Emily Westridge Black and Carrington Giammittorio in Texas Bar Journal: 2018 Year in Review: Antitrust and Business Litigation

01/03/2019

This year, the U.S. Supreme Court considered market definition in two-sided markets and issued two rulings with potentially broad implications for commercial disputes. The court also heard arguments in Apple v. Pepper, a case that implicates the limits of the Illinois Brick indirect purchaser rule.

Market Definition in Two-Sided Markets

In Ohio et al. v. American Express, the court considered how the relevant market should be defined in antitrust cases when the market at issue is two-sided.

The case involved a challenge to American Express’s anti-steering rules (which prohibit merchants from incentivizing consumers to use credit cards that charge merchants lower fees). The petitioners argued the rules violated the Sherman Act because they reduced the incentive for card networks to lower merchant fees, injuring merchants.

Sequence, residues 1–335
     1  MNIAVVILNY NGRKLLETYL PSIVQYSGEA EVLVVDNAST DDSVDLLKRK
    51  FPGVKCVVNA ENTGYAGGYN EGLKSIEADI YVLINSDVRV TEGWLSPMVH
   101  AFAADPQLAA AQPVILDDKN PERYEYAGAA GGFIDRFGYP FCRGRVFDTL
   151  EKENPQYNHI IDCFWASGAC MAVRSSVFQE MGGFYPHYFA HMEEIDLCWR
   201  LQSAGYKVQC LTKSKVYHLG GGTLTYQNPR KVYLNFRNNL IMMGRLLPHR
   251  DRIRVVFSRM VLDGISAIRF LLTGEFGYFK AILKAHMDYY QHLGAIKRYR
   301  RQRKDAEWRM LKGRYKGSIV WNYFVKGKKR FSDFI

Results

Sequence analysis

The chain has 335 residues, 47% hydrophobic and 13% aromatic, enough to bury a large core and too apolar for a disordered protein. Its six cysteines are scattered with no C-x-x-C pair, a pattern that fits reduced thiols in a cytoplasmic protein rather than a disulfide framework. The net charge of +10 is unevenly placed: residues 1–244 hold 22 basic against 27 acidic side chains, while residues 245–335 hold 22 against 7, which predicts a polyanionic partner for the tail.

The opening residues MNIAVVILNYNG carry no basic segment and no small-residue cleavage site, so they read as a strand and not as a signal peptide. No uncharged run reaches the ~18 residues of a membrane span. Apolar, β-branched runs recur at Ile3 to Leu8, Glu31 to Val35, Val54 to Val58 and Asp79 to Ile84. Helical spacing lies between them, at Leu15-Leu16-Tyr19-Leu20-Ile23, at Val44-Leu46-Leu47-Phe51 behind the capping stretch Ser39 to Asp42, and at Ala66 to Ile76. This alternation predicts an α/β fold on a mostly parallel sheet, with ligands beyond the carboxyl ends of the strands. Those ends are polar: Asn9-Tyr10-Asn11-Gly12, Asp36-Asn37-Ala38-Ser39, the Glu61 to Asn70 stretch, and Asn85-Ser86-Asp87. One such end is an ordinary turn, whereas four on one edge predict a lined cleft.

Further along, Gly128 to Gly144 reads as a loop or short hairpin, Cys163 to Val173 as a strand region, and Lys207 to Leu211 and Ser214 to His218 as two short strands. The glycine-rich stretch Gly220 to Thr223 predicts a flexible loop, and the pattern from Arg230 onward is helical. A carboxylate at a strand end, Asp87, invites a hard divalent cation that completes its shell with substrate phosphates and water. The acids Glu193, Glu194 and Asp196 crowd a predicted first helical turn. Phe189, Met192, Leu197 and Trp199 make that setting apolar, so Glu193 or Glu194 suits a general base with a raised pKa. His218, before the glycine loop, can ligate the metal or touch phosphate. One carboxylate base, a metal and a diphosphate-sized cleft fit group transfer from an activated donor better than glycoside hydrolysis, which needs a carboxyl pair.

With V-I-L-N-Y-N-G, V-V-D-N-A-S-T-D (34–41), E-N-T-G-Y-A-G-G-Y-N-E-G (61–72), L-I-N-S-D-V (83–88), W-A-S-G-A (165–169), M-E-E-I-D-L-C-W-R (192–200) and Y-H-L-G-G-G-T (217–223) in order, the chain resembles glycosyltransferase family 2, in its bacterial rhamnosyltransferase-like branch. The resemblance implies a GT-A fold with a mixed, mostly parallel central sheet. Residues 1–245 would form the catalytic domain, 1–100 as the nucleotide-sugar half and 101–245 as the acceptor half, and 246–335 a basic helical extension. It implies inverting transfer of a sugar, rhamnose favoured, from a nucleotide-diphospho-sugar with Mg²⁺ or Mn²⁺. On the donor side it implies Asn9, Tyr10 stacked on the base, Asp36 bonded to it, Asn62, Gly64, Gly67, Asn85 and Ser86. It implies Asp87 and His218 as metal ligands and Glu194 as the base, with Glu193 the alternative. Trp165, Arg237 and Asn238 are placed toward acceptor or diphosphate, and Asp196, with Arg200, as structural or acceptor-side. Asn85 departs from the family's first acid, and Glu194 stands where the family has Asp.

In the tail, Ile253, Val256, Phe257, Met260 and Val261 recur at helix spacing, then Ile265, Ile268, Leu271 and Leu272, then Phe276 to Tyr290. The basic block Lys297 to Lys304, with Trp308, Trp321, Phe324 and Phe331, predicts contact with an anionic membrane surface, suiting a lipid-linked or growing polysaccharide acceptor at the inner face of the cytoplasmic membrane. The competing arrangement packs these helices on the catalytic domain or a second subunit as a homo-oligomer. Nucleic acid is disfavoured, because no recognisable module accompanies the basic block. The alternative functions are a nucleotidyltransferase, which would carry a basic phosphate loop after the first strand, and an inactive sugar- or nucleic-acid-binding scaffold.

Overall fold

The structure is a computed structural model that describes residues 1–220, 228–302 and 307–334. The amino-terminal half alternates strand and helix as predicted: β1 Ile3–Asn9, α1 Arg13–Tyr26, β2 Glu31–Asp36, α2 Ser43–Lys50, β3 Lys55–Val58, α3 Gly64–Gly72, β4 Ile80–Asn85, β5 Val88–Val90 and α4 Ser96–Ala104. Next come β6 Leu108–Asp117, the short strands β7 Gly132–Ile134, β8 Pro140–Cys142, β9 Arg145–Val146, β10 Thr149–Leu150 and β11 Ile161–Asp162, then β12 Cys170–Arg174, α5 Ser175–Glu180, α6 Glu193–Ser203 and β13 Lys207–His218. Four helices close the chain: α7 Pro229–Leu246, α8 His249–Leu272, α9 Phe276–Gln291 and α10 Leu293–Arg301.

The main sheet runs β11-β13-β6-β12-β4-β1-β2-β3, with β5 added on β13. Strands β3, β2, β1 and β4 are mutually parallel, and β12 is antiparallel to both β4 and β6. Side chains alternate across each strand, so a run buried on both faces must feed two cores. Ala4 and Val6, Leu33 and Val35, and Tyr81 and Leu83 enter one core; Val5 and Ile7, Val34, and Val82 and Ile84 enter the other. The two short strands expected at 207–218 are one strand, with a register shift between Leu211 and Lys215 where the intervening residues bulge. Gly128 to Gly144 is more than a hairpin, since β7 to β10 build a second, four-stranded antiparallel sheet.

In a 5-4 opinion, the Supreme Court disagreed, reasoning that a credit card network is a type of two-sided market called a “transaction” platform, where simultaneous sales of products or services are made to two different groups of buyers (here, consumers and merchants). The court held that these platforms must be analyzed as a whole (rather than focusing on one set of buyers), and antitrust harm results only when anticompetitive effects are felt by both sets of buyers.

Because AmEx’s rules did not increase the cost of transactions or reduce the total number of transactions, they did not cause harm cognizable under antitrust laws. The court suggested AmEx’s higher merchant fees could indicate healthy market competition because they contributed to benefits to consumers, including cash-back rebates. …

Excerpted from the Texas Bar Journal. To read the full article, click here.

Email Disclaimer